N. S. Eikje, Y. Ozaki, K. Aizawa, and S. Arase, “Fiber optic near-infrared Raman spectroscopy for clinical noninvasive determination of water content in diseased skin and assessment of cutaneous edema,” J. Biomed. Opt., 10 (1), 14013 (2005). https://doi.org/10.1117/1.1854682 1083-3668 Google Scholar

36. 

J. D. Caplan, S. Waxman, R. W. Nesto, and J. E. Muller, “Near-infrared spectroscopy for the detection of vulnerable coronary artery plaques,” J. Am. Coll. Cardiol., 47 (8), C92-6 (2006). https://doi.org/10.1016/j.jacc.2005.12.045 0735-1097 Google Scholar

37. 

D. Le Coq, K. Michel, J. Keirsse, C. Boussard-Pledel, G. Fonteneau, B. Bureau, J. Le Quéré, O. Sire, and J. Lucas, “Infrared glass fibers for in-situ sensing chemical and biochemical reactions,” C. R. Chim., 5 1 –7 (2003). 1631-0748 Google Scholar

38. 

H. Steiner, M. Jakusch, M. Kraft, M. Karlowatz, T. Baumann, R. Niessner, W. Konz, A. Brandenburg, K. Michel, C. Boussard-Pledel, B. Bureau, J. Lucas, Y. Reichlin, A. Katzir, N. Fleischmann, K. Staubmann, R. Allabashi, J. M. Bayona, and B. Mizaikoff, “In situ sensing of volatile organic compounds in groundwater: first field tests of a mid-infrared fiber-optic sensing system,” Appl. Spectrosc., 57 (6), 607 –613 (2003). https://doi.org/10.1366/000370203322005274 0003-7028 Google Scholar

39. 

P. Lucas, D. Le Coq, C. Juncker, J. Collier, D. E. Boesewetter, C. Boussard-Pledel, B. Bureau, and M. R. Riley, “Evaluation of toxic agent effects on lung cells by fiber evanescent wave spectroscopy,” Appl. Spectrosc., 59 (1), 1 –9 (2005). https://doi.org/10.1366/0003702052940387 0003-7028 Google Scholar

40. 

P. Lucas, M. R. Riley, C. Boussard-Pledel, and B. Bureau, “Advances in chalcogenide fiber evanescent wave biochemical sensing,” Anal. Biochem., 351 (1), 1 –10 (2006). https://doi.org/10.1016/j.ab.2005.10.045 0003-2697 Google Scholar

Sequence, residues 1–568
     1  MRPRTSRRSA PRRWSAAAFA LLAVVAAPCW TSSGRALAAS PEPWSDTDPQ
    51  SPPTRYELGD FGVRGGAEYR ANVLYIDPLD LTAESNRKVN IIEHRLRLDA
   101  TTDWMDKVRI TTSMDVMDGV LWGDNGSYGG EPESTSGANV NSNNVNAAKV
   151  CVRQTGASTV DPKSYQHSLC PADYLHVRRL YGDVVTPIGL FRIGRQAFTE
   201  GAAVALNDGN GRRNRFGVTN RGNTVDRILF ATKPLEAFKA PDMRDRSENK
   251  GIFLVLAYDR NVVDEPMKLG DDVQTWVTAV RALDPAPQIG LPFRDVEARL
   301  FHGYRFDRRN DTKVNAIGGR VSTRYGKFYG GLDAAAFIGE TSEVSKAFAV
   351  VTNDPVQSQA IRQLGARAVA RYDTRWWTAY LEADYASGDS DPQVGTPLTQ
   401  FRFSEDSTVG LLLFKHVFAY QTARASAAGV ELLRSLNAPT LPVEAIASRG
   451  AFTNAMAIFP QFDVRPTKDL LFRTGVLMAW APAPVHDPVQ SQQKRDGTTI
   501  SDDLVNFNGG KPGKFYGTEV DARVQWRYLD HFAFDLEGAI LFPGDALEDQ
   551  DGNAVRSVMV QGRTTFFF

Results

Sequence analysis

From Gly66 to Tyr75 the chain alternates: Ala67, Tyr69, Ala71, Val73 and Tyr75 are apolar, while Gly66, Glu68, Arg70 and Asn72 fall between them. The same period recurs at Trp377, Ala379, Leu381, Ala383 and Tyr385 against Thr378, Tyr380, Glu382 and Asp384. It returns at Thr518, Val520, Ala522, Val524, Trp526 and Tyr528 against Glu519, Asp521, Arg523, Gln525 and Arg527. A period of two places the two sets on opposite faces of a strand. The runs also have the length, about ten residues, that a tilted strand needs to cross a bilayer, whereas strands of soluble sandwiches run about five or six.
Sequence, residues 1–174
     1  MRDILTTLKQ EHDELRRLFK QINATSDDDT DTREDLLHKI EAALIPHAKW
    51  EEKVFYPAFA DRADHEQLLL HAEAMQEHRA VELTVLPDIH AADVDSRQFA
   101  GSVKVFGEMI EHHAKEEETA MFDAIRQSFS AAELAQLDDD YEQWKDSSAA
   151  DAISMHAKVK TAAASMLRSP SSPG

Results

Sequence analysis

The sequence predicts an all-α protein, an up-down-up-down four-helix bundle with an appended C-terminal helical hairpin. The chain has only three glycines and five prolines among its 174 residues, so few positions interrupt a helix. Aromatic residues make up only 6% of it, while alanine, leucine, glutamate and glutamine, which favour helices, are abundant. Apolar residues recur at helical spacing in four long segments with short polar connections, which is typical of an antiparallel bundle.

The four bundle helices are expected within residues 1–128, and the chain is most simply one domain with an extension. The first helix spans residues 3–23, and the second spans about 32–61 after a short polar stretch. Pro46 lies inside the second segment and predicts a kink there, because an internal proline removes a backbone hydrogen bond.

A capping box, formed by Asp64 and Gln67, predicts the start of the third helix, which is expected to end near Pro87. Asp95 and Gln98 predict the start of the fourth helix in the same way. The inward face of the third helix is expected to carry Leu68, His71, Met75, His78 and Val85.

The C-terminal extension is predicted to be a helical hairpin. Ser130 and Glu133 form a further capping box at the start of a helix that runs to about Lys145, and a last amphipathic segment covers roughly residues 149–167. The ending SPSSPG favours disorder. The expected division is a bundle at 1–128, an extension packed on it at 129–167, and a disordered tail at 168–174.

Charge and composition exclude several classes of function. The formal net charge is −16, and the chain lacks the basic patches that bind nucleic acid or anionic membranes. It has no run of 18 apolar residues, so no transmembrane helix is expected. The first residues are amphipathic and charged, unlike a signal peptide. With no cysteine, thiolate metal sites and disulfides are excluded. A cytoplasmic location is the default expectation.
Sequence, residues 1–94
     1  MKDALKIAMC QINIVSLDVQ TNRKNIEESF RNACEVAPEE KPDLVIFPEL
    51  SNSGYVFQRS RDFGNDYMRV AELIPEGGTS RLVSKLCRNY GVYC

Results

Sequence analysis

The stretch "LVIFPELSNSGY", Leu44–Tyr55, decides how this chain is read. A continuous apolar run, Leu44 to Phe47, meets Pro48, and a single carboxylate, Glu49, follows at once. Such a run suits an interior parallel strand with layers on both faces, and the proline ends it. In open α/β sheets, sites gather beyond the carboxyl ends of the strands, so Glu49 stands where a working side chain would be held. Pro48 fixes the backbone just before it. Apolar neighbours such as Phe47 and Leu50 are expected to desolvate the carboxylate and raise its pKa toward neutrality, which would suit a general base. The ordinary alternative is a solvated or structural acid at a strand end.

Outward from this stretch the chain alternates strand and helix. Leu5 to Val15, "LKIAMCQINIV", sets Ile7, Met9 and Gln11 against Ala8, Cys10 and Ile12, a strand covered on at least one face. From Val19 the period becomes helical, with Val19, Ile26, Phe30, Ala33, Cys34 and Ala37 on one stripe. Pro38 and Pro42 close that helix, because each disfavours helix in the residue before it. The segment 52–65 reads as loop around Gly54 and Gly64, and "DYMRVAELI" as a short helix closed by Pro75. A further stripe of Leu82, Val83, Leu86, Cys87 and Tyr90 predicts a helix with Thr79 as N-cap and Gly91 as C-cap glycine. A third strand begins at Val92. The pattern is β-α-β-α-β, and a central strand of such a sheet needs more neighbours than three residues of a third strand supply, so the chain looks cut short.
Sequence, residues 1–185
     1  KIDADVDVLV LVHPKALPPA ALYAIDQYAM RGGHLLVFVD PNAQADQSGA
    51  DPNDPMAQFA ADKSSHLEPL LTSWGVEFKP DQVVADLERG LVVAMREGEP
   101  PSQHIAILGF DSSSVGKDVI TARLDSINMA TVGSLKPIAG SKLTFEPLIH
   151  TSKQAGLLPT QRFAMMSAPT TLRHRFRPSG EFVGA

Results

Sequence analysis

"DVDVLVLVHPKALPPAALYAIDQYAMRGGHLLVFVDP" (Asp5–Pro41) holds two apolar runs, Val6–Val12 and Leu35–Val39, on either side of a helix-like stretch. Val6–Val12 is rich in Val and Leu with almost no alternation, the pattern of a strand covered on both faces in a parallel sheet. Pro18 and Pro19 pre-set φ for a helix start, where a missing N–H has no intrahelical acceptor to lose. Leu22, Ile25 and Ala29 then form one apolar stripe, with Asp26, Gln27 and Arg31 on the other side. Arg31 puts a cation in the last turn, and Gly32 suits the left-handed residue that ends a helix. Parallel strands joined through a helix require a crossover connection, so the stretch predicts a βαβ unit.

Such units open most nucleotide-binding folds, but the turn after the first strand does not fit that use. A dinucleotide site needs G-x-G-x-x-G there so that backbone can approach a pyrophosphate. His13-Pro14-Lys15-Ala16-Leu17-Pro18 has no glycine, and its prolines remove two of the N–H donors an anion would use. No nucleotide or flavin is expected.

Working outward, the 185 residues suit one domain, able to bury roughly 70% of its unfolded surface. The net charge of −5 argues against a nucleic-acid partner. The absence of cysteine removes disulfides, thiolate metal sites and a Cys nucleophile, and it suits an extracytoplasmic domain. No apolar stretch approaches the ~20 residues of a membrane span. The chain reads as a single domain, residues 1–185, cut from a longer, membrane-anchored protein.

41. 

P. Lucas, M. Solis, D. Le Coq, C. Junker, M. R. Riley, J. Collier, D. E. Boesewetter, C. Boussard, and B. Bureau, “Infrared biosensors using hydrophobic chalcogenide fibers sensitized with live cells,” Sens. Actuators B, 119 355 –362 (2006). https://doi.org/10.1016/j.snb.2005.12.033 0925-4005 Google Scholar

42. 

K. Michel, B. Bureau, C. Boussard-Pledel, T. Jouan, J. Adam, K. Staubmann, and T. Baumann, “Monitoring of pollutant in waste water by infrared spectroscopy using chalcogenide glass optical fibers,” Sens. Actuators B, 101 252 –259 (2004). https://doi.org/10.1016/j.snb.2004.03.014 0925-4005 Google Scholar

43. 

X. Zhang, B. Bureau, P. Lucas, C. Boussard-Pledel, and J. Lucas, “Glasses for seeing beyond visible,” Chem., 14 (2), 432 –442 (2008). https://doi.org/10.1002/chem.200700993 Google Scholar

44. 

Y. Raichlin and A. Katzir, “Fiber-optic evanescent wave spectroscopy in the middle infrared,” Appl. Spectrosc., 62 (2), 32A –72A (2008). https://doi.org/10.1366/000370208783575456 0003-7028 Google Scholar

45. 

S. Hocde, C. Boussard-Pledel, G. Fonteneau, and J. Lucas, “Chalcogens based glasses for IR fiber chemical sensors,” Solid State Sci., 3 (3), 279 –284 (2001). https://doi.org/10.1016/S1293-2558(00)01135-3 1293-2558 Google Scholar

46. 

D. Galaris and K. Pantopoulos, “Oxidative stress and iron homeostasis: mechanistic and health aspects,” Crit. Rev. Clin. Lab Sci., 45 (1), 1 –23 (2008). https://doi.org/10.1080/10408360701713104 1040-8363 Google Scholar

47. 

“Plasma lipid distributions in selected North American populations: the Lipid Research Clinics Program Prevalence Study. The Lipid Research Clinics Program Epidemiology Committee,” Circulation, 60 (2), 427 –439 (1979). 0009-7322 Google Scholar
©(2009) Society of Photo-Optical Instrumentation Engineers (SPIE)
Marie-Laure Anne, Caroline Le Lan, Valerie Monbet, Catherine Boussard-Plédel, Martine Ropert, Olivier Sire, Michel Pouchard, Christine Jard, Jacques Lucas, Jean-Luc Adam, Pierre Brissot M.D., Bruno Bureau, and Olivier Loréal "Fiber evanescent wave spectroscopy using the mid-infrared provides useful fingerprints for metabolic profiling in humans," Journal of Biomedical Optics 14(5), 054033 (1 September 2009). https://doi.org/10.1117/1.3253319
Published: 1 September 2009
JOURNAL ARTICLE
9 PAGES


SHARE
Advertisement
Advertisement
Back to Top